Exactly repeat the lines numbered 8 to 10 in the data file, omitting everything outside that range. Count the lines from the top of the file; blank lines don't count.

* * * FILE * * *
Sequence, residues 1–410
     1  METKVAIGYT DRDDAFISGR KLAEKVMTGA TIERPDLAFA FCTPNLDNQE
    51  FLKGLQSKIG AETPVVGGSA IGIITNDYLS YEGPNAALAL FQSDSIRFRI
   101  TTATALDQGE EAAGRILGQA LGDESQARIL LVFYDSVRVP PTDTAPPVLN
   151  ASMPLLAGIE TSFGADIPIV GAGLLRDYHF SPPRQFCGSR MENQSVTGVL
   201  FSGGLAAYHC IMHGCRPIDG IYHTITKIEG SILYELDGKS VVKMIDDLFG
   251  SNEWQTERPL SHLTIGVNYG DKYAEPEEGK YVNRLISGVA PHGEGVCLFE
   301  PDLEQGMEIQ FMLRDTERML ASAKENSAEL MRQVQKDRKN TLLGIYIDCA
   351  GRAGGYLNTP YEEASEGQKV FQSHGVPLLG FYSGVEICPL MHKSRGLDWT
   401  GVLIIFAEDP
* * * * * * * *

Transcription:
   301  PDLEQGMEIQ FMLRDTERML ASAKENSAEL MRQVQKDRKN TLLGIYIDCA
   351  GRAGGYLNTP YEEASEGQKV FQSHGVPLLG FYSGVEICPL MHKSRGLDWT
   401  GVLIIFAEDP